Learning Causal Models That Make Correct Manipulation Predictions With Time Series Data
Mark Voortman, Denver Dash, and Marek J. Druzdzel; JMLR W&CP 6:257-266, 2010.
One of the fundamental purposes of causal models is using them to predict the effects of manipulating various components of a system.
It has been argued by Dash (2005, 2003) that the Do
operator will fail when applied to an equilibrium model,
unless the underlying dynamic system obeys what he calls Equilibration-Manipulation Commutability
this fact renders most existing causal discovery algorithms unreliable for reasoning about manipulations. Motivated by this caveat,
in this paper we present a novel approach to causal discovery of dynamic models from time series. The approach uses a representation of
dynamic causal models motivated by Iwasaki and Simon (1994), which asserts that all "causation across time" occurs because a variable's derivative
has been affected instantaneously. We present an algorithm that exploits this representation within a constraint-based learning framework by
numerically calculating derivatives and learning instantaneous relationships. We argue that due to numerical errors in higher order derivatives,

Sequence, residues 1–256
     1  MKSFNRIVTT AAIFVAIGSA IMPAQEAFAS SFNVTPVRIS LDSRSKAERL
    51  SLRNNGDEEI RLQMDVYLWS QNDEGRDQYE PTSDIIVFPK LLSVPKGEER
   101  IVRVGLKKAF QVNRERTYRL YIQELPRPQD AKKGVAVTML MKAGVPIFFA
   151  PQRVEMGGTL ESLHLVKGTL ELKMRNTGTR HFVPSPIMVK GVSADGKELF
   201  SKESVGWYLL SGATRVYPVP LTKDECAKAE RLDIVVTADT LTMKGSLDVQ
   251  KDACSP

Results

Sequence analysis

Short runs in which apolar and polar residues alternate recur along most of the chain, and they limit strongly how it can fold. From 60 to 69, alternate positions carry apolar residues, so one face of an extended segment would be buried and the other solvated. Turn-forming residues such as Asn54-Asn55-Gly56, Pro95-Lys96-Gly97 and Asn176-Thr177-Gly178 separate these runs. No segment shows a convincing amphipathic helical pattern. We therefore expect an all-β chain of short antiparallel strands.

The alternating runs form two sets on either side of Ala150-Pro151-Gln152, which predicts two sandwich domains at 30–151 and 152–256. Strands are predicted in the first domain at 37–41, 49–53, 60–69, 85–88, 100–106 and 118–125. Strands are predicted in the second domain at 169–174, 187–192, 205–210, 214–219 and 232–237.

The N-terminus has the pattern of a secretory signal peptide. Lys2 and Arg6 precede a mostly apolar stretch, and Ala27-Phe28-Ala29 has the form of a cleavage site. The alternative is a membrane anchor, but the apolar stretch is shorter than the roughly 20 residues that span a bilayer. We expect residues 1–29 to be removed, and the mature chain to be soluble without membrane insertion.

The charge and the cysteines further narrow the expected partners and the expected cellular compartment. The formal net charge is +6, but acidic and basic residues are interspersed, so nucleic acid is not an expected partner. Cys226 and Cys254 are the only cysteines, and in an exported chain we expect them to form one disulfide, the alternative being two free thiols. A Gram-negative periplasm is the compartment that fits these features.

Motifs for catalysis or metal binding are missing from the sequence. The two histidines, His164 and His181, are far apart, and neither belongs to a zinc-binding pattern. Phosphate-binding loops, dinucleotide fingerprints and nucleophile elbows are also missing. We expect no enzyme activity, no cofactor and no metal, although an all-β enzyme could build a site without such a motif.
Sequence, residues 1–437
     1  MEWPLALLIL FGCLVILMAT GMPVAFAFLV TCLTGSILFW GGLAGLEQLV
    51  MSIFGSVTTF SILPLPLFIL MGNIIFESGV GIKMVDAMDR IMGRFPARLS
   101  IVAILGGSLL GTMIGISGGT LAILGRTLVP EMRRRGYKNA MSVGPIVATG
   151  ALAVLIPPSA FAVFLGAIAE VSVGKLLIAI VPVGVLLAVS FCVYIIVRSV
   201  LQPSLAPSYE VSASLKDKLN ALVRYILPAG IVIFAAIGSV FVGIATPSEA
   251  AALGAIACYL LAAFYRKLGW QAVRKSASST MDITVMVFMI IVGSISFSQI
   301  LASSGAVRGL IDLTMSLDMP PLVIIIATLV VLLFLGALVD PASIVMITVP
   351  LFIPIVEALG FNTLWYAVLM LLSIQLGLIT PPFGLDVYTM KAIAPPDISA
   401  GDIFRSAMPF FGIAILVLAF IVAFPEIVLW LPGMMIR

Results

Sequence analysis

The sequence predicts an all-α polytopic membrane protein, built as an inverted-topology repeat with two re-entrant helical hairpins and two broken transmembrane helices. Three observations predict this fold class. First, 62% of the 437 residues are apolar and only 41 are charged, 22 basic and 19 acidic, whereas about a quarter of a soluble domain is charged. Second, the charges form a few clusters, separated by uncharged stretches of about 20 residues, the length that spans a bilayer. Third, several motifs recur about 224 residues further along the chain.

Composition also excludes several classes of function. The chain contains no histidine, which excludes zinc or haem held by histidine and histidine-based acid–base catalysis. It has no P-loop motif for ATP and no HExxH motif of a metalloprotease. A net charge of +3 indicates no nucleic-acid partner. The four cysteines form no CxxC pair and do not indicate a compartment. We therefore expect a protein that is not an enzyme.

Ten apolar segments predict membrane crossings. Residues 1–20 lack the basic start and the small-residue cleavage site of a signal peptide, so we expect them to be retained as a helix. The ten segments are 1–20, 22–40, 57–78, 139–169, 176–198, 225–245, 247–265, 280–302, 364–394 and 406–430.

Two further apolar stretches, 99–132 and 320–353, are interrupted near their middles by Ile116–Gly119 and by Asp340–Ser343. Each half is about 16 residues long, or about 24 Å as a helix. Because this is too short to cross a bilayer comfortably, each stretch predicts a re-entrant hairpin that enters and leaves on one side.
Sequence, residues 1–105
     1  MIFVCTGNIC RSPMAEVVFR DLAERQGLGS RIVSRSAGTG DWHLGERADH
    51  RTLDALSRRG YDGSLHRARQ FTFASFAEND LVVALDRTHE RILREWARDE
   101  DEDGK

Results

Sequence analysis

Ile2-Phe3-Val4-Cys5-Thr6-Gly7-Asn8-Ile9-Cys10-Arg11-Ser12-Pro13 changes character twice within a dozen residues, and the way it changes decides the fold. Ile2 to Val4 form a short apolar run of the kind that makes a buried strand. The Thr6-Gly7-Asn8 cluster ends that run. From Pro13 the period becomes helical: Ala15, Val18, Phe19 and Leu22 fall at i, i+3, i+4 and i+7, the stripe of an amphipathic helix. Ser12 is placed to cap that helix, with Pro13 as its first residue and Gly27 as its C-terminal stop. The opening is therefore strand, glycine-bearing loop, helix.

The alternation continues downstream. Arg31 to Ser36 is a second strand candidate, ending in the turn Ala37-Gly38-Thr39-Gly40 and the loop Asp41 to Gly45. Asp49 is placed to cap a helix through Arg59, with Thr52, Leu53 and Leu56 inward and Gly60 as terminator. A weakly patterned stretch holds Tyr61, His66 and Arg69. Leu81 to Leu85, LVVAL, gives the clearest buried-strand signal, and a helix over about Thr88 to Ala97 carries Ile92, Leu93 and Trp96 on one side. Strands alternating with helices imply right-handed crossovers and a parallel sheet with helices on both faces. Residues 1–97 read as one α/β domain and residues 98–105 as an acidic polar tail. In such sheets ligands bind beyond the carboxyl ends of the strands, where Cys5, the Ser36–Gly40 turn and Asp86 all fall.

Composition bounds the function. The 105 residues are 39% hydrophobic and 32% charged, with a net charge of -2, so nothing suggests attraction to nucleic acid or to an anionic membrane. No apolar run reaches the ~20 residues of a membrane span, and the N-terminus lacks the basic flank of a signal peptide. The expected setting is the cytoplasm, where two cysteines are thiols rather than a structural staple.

care must be taken when learning causal structure, but we show that the Iwasaki-Simon representation reduces the search space considerably,
allowing us to forego calculating many high-order derivatives. In order for our algorithm to discover the dynamic model, it is necessary that
the time-scale of the data is much finer than any temporal process of the system. Finally, we show that our approach can correctly recover
the structure of a fairly complex dynamic system, and can predict the effect of manipulations accurately when a manipulation does not cause an instability.
To our knowledge, this is the first causal discovery algorithm that has demonstrated that it can correctly predict the effects of manipulations
for a system that does not obey the EMC condition.